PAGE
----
Ramos indicated that the Scientific Coalition – a group of which he is a part – will meet on Tuesday, as usual, to discuss the rise and, above all, take into account the activities observed during Holy Week -both secular and religious- and their effect. in terms of infections. So far, the Coalition has not issued recommendations regarding restrictive measures such as capacity limitation or others that were left without effect in Governor Pedro Pierluisi’s Executive Order 2022-019, which entered into force on March 10.

“You have to see what happens on weekends and more this one. We knew there would be crowds, we have to see what will happen. […] Certainly, the more it continues to rise and the more (the contagion) approaches the vulnerable, over 50, it is more likely that recommendations will have to be submitted at some point ”, raised.

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The pediatrician expressed concern that, beyond infections among young people – who usually tolerate the disease better – there is also an increase among older adults and adults over 50 years of age, populations that are at greater risk of complications.

The 65-74 age group had reached a low point of 3.5 unique cases (with molecular and antigen test results) per 100,000 on March 12, following the omicron spike between December and February. But on Saturday that rate was at 18.9. As for the group of 75 years or older, it reached its lowest point on March 11 with 2.7, but on Saturday it stood at 14.7, according to monitoring published by Dr. rafael irizarry, biostatistician and professor at Harvard University. According to monitoring, as of April 16, Puerto Rico was reporting 1,332 new cases per day. The current rise is due to the advancement of the BA.2 sublineage of the omicron variant.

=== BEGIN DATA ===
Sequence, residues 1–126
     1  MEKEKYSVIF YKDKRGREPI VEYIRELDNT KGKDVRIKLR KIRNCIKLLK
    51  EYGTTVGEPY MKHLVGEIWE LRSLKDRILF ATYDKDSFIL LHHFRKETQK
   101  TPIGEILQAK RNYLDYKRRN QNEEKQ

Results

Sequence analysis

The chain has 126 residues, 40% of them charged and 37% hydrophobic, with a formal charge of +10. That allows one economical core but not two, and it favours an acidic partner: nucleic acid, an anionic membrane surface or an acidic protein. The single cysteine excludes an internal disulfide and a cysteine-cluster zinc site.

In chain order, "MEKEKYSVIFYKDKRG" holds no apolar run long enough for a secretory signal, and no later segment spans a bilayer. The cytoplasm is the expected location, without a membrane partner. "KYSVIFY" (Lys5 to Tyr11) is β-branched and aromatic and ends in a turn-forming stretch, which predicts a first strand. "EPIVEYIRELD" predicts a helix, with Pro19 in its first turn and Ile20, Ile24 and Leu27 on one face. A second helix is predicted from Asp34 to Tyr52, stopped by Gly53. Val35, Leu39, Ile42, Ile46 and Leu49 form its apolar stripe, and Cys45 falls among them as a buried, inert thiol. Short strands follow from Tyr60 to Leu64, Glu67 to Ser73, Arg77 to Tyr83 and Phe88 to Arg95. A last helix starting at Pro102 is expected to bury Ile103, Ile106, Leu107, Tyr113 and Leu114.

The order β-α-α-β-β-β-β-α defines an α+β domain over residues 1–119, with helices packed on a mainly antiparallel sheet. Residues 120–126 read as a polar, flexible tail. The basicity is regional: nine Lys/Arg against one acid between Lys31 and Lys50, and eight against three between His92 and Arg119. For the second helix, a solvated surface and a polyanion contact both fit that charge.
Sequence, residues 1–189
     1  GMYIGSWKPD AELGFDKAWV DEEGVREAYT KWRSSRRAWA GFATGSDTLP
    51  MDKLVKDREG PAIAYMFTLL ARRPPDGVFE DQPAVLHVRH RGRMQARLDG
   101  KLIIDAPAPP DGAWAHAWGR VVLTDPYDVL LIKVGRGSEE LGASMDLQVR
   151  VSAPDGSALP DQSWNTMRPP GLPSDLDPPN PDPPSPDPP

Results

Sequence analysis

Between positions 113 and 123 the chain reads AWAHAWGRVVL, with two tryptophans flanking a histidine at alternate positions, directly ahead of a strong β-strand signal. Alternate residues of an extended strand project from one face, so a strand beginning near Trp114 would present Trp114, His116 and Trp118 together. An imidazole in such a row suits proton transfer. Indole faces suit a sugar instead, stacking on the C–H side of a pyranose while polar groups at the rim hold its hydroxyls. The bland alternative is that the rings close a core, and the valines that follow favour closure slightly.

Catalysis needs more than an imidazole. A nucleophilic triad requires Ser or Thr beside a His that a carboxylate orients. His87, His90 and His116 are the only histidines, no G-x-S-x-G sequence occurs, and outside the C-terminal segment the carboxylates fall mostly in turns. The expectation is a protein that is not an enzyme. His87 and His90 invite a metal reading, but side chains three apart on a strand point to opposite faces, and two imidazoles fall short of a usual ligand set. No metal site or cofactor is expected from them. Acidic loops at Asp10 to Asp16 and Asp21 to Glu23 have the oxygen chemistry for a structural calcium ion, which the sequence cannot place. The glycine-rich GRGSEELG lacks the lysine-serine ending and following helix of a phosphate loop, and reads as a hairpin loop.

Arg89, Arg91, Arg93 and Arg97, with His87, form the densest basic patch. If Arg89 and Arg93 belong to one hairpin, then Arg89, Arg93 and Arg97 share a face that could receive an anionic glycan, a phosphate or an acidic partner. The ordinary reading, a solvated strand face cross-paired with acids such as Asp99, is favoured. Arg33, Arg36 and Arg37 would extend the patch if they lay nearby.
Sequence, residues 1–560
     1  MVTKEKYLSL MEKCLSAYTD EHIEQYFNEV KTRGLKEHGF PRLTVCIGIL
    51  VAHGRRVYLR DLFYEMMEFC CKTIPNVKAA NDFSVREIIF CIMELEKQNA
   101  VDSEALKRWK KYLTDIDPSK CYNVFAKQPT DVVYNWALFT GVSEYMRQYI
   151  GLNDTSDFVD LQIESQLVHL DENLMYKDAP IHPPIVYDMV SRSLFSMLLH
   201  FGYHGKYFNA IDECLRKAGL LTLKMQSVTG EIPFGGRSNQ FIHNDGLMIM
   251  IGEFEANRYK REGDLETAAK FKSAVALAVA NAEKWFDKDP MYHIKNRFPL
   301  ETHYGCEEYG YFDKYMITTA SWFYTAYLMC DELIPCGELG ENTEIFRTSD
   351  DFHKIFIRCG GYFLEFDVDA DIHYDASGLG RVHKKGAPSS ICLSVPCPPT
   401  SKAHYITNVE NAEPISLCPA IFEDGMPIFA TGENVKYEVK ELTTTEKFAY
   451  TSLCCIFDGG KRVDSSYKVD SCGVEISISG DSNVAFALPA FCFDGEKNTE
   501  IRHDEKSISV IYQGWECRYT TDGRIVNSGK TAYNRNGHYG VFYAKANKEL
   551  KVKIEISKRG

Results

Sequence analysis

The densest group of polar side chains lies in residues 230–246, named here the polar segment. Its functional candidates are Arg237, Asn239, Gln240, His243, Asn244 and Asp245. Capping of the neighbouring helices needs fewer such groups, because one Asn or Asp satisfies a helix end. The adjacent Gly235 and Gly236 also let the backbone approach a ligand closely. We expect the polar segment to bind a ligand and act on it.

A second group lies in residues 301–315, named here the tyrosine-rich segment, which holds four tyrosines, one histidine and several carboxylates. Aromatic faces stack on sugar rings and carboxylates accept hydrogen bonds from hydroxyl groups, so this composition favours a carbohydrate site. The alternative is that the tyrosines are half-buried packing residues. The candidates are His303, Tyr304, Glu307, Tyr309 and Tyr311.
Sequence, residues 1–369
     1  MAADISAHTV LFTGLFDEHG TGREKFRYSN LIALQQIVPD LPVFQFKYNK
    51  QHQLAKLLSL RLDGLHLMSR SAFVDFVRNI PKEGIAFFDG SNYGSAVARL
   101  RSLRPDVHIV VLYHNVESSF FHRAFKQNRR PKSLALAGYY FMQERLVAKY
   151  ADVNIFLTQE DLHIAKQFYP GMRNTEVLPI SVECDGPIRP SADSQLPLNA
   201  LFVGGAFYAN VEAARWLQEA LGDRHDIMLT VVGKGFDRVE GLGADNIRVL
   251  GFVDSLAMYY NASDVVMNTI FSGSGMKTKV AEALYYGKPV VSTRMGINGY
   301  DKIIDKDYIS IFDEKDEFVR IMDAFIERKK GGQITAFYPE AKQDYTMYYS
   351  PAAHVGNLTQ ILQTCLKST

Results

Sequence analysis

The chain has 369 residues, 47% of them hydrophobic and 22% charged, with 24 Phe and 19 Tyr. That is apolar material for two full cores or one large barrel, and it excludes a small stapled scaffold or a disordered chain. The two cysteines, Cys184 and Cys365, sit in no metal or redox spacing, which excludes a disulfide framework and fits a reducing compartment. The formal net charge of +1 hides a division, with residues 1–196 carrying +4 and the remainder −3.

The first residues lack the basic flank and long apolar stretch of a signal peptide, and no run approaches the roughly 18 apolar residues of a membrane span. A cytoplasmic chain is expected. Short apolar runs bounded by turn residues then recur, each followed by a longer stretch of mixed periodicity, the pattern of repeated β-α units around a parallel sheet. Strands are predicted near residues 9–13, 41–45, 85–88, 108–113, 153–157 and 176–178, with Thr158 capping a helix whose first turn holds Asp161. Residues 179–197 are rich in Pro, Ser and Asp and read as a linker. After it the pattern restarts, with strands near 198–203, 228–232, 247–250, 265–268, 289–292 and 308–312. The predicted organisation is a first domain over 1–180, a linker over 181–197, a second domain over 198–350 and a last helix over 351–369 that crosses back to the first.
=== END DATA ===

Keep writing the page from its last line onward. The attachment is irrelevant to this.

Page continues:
“What we are seeing is what we expected to see from omicron BA.2, which is an extremely infectious organism and this uptick is the same thing that is happening in the rest of the world,” said the infectologist Miguel Colón, who treats COVID-19 patients at Hospital Auxilio Mutuo, Ashford Hospital and San Juan Municipal Hospital. Colón maintained that, given the current scenario, he does not see a need to implement greater restrictions.

“I would continue to encourage the population to be vaccinated, the new emphasis of the vaccine is the prevention of death”, he stated. “COVID is in the world to stay. We will continue to see variants and sublineages.”

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In addition to vaccination, Colón emphasized the use of the mask in places where there are crowds of people, “such as coliseums, theaters, closed places where there are many people, hand washing and physical distancing.”

Through a tweet, Health reported that the total number of people hospitalized for the virus stood at 127 today -94 adults and 33 pediatric patients-, which represents an increase of seven patients compared to the previous day.

“The hospitals are not full, we are quite low on the census. In none of my three hospitals are there COVID patients in intensive care, they are all on the regular floors and many of the patients I have in the hospital are super stable”, Columbus stated.

Ramos, for his part, stressed that “hospitalizations have been increasing, not yet at levels that compromise the system,” but reiterated the concern about infections among older adults or vulnerable groups that may require hospitalization.